VRay_Stereo_001

A stereoscopic image consists of two versions of the same image, except one view is offset from the other. One image is meant for the left eye and the other is meant for the right eye. When these images are combined it gives the perception of 3D depth. There are various techniques for combining images and the most traditional is anaglyph which uses the red and cyan filters. One of the images is displayed in red and the other in blue. The user wears glasses that filter the images by the two colours. Another common technique uses polarising filters which react with light; this method is typically used in cinema screens.

Downloads

If you would like access to the scene files used in this tutorial please click here to download.

V-Ray can output a stereoscopic image using a simple tool called the VRayStereoscopic helper. The end result is a side by side image that can be later used to generate a 3D image or film. Previous methods required you to build a camera rig where two physical cameras were offset from each other. You also had to set constraints so that the camera target does not move out of alignment and possibly skew the 3D effect. The VRayStereoscopic helper creates two virtual cameras offset from the original camera, so it is much easier to manage the process. One camera is offset to the right and the other is offset to the left. The position of the camera target is automatically adjusted to avoid any skew effects.

Place the VRayStereoscopic helper in your scene. This will automatically generate a side by side rendered image using two virtual cameras.

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Once you have your camera view set up and you are happy with it, go to the helpers menu and choose VRay from the drop down menu. Select VRayStereoscopic and click to place the helper in your scene. It does not matter where you place the helper.

Within the VRayStereoscopic helper, adjust the parameters to match the scale of your scene. The eye distance will be different depending on the size of your objects.

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Within the VRayStereoscopic parameters, the first option is eye distance which adjusts the distance between the two virtual cameras. Ideally this would be a distance that is typical to that of the human eyes. On average the human eyes are 65mm apart. If the setting is too low the 3d effect will be minimal to nothing at all and if the settings are too high the effect will be too great that it will not work. The eye distance will vary slightly depending on scale, so providing your scene is set up using real world scale set the eye distance to 65mm. If you are working in inches then adjust accordingly to match 65mm.

The focus method determines how each camera will focus for the two views. The default setting of none means that both images will carry on converging into infinity, objects that are very far in the distance will still be overlapped to keep the 3D depth effect throughout. In some cases this might become undesirable so other methods can be used instead, such as shear or rotate. These start to converge less beyond the camera target meaning objects further away have a lesser 3D effect.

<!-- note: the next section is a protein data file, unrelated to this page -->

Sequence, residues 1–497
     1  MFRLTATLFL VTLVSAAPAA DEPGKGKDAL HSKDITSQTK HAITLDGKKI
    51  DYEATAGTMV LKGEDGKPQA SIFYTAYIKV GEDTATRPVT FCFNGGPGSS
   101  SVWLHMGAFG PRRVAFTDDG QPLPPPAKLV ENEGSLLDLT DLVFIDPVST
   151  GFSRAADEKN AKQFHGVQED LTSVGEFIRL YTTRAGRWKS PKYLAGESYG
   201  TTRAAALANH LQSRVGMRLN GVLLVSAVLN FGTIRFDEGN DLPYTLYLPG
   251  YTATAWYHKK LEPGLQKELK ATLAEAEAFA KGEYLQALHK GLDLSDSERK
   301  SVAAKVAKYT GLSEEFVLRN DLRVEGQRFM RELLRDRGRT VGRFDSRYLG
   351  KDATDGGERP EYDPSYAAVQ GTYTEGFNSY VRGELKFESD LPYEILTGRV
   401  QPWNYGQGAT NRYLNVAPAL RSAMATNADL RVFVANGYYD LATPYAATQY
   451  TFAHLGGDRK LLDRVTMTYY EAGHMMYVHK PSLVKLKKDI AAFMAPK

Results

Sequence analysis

The interocular method determines how the two virtual cameras will be placed relative to the original camera in the scene. By default, the method is set to both so that both virtual cameras are equally offset, one to the left and one to the right of the original camera. In most cases it is best to keep this setting as both.

View determines the final output. If only left or right are selected then the final render will be only one of these. However, if both is selected you will get a side by side image as the end result. This setting will be dependent on the software you will be using to combine the two images. For example, in Adobe After Effects it is best to have the left and the right views as separate images on separate layers.

Finally check the adjust resolution option. When this is on, V-Ray will automatically adjust the resolution for the final image to include both the left and right views. So if your default resolution for a single image is 1600 x 1200 pixels, the final rendered image would be 3200 x 1200 pixels.

Use the V-Ray frame buffer to view the final result side by side and as an anaglyph image by clicking on the stereo red/cyan option.

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Once the rendering is complete save out the side by side image. To view this outside of V-Ray as an anaglyph image you can use a viewer called Stereoscopic Player. This is free to download and you can find it here: www.3dtv.at. To view the image as an anaglyph, drag and drop the side by side image into the Stereoscopic Player. This player can be used for both still images and animations.

Shade map

Shade map speeds up the rendering process. If you have a complex scene using depth of field you can save time by not having to render the image twice as the rendering calculation is shared between both images.

Watch the video tutorial